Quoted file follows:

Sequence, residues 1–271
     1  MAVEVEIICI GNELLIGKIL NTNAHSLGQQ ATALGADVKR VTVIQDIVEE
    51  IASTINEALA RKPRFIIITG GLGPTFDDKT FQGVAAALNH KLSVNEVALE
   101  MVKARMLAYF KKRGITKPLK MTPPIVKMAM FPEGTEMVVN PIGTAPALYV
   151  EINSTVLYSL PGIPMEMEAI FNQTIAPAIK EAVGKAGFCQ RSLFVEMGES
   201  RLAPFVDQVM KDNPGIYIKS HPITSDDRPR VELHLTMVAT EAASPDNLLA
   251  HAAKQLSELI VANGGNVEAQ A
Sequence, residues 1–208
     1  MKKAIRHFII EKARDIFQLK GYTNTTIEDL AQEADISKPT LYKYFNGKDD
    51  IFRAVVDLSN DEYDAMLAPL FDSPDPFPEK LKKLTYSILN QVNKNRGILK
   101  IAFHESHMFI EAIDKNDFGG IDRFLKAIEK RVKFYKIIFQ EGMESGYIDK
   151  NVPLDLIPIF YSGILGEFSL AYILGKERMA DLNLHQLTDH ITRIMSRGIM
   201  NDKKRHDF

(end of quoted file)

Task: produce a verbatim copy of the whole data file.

Sequence, residues 1–271
     1  MAVEVEIICI GNELLIGKIL NTNAHSLGQQ ATALGADVKR VTVIQDIVEE
    51  IASTINEALA RKPRFIIITG GLGPTFDDKT FQGVAAALNH KLSVNEVALE
   101  MVKARMLAYF KKRGITKPLK MTPPIVKMAM FPEGTEMVVN PIGTAPALYV
   151  EINSTVLYSL PGIPMEMEAI FNQTIAPAIK EAVGKAGFCQ RSLFVEMGES
   201  RLAPFVDQVM KDNPGIYIKS HPITSDDRPR VELHLTMVAT EAASPDNLLA
   251  HAAKQLSELI VANGGNVEAQ A
Sequence, residues 1–208
     1  MKKAIRHFII EKARDIFQLK GYTNTTIEDL AQEADISKPT LYKYFNGKDD
    51  IFRAVVDLSN DEYDAMLAPL FDSPDPFPEK LKKLTYSILN QVNKNRGILK
   101  IAFHESHMFI EAIDKNDFGG IDRFLKAIEK RVKFYKIIFQ EGMESGYIDK
   151  NVPLDLIPIF YSGILGEFSL AYILGKERMA DLNLHQLTDH ITRIMSRGIM
   201  NDKKRHDF